Swearing at work can help to reduce stress
According to research by the University of East Anglia. The Norwich-based research team found that use of “taboo language” could also boost team spirit in the workplace, while attempts to restrain language could have a negative impact. However, profanity in front of customers or superiors could never be justified.
While there is no general legal principle that the use of swearing by employees is an act of gross misconduct that would justify instant dismissal, there are certain circumstances where the use of foul and abusive language in the workplace could lead to legal action.
What happens if an employer or supervisor swears at an employee?
If foul and abusive language is used by an employer or a senior employee in a supervisory position, this can expose the employer to claims for constructive dismissal or discrimination.
There have been a number of circumstances where the Courts have emphasised that employers or supervisors who swear at employees do so at their own peril. Some well-known cases include:
- At Cantor Fitzgerald International swearing was an accepted part of the culture of the company however it failed in an argument that the fact that it paid high salaries to employees in the City could justify the use of swearing and obscenities. The Court also held in that the fact the employee himself had used foul language in the past in another context did not deprive him of the right to claim he had been constructively dismissed.
- Jeremy Clarkson despite his elite role within Top Gear was found not be above being accountable for swearing.
- When St Helens Rugby League Head Coach Ian Millward was sacked in May 2005, the employment law consequences of swearing were brought to the fore. Millward was dismissed on the grounds of gross misconduct after being removed for verbally abusing a press officer and media officer.
- A director who said of his secretary that she was an “intolerable bitch on a Monday morning” was held to have constructively dismissed her.
Consequences of employees swearing at employers
When an employee uses foul and abusive language in the workplace against his / her boss, particularly in circumstances where an employee is refusing to carry out a reasonable instruction, this has been held to justify instant or summary dismissal (i.e. without notice).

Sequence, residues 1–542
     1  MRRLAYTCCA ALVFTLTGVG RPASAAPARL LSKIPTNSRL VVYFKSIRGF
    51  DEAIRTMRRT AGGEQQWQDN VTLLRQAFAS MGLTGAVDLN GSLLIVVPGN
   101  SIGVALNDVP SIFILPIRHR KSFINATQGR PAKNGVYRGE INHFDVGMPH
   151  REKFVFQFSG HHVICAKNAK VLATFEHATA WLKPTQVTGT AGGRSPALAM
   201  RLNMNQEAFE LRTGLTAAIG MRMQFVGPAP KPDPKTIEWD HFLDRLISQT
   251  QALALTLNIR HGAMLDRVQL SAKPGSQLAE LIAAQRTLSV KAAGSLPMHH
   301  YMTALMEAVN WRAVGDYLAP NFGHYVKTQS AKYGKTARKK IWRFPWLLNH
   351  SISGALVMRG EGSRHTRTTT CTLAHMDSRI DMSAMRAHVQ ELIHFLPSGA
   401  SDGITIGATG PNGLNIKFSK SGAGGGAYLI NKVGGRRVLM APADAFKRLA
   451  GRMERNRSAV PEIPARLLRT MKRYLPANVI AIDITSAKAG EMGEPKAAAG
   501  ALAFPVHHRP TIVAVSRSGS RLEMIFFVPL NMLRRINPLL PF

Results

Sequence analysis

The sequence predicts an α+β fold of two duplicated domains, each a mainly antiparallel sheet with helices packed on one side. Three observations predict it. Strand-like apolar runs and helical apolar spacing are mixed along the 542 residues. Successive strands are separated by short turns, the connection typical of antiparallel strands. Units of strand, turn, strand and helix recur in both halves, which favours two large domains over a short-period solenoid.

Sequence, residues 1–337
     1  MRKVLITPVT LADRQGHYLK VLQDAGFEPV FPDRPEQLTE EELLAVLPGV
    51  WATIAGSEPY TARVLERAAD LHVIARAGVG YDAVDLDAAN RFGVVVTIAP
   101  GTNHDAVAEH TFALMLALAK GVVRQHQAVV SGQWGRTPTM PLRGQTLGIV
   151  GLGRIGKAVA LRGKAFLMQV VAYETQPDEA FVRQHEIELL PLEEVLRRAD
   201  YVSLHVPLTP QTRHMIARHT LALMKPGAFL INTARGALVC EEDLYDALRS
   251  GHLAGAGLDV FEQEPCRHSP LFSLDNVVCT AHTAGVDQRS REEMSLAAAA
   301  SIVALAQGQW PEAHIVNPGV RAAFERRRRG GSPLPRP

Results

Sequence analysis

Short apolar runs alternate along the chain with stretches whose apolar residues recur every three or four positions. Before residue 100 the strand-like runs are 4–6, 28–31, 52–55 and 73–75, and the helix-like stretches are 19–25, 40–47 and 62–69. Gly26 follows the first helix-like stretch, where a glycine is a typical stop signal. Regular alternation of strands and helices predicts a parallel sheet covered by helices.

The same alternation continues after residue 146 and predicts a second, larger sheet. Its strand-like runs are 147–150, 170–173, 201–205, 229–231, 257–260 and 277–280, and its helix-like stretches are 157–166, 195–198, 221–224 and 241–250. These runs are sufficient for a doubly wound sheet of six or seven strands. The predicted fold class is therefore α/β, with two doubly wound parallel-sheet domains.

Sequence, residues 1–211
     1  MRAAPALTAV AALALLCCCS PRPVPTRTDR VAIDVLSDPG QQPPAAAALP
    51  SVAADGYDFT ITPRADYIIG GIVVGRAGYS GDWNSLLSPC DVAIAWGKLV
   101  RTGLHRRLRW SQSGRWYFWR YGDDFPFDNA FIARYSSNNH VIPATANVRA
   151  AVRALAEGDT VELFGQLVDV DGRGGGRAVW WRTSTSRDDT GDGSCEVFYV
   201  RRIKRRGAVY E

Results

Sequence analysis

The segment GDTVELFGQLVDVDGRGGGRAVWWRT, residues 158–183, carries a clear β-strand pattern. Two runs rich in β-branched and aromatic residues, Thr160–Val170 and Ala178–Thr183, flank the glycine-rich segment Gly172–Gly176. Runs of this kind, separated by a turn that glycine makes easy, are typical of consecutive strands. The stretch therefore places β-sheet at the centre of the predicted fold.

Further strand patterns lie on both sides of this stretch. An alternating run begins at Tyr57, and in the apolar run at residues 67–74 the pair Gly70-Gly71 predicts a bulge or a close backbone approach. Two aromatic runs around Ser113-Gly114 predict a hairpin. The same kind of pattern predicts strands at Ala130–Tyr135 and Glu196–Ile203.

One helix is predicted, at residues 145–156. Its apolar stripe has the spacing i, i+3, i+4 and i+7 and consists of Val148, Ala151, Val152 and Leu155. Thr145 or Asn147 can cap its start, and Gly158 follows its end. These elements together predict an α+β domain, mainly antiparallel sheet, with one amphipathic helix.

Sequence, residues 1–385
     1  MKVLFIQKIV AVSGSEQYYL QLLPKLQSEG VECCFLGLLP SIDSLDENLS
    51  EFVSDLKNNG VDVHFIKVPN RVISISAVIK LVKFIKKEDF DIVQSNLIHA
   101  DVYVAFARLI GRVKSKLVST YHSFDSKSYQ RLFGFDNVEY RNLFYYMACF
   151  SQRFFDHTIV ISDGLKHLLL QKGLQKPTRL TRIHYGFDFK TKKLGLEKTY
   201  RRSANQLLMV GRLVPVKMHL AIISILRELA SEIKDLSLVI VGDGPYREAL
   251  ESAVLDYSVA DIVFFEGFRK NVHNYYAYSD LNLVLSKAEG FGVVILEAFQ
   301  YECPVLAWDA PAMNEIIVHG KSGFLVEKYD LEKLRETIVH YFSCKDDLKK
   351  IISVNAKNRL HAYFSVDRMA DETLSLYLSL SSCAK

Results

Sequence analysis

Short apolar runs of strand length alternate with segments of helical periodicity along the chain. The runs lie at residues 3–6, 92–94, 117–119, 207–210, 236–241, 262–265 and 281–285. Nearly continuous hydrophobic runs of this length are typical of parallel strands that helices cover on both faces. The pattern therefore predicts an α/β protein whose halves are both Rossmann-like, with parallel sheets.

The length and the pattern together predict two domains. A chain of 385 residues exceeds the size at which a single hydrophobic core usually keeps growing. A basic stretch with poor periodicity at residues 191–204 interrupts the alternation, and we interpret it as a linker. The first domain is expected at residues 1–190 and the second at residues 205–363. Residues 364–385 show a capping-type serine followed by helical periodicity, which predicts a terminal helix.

Similarly, when an employee swears in order to intimidate or humiliate a more junior employee, this is likely to expose an employer to a claim in the Employment Tribunal and can also justify the instant dismissal of the employee who used such language.
Of course there is always an exception to the rule as in the case where an Employment Tribunal held that where an employee used abusive language in a sudden explosion of temper and under the influence of drink, it was unfair to dismiss that employee without first giving him the opportunity to apologise.
Using Workplace policies to protect employees and employers
We recommend that employers implement appropriate anti-bullying and harassment policies, where the boundaries and management of workplace behaviour are carefully defined. With the correct policies in place, people can fully understand what is prohibited in the workplace and the consequences of going against rules and regulations.
Through taking an appropriate stance on swearing in the workplace, employers can prevent unwanted workplace behaviour and also protect their business from possible Employment Tribunals.
For further information on swearing in the workplace or if you have a query about the use of foul and abusive language by an employee or employer, contact Debbie Johnston at Sagegreen HR on 07739 517626 for free advice and review of any current policies.
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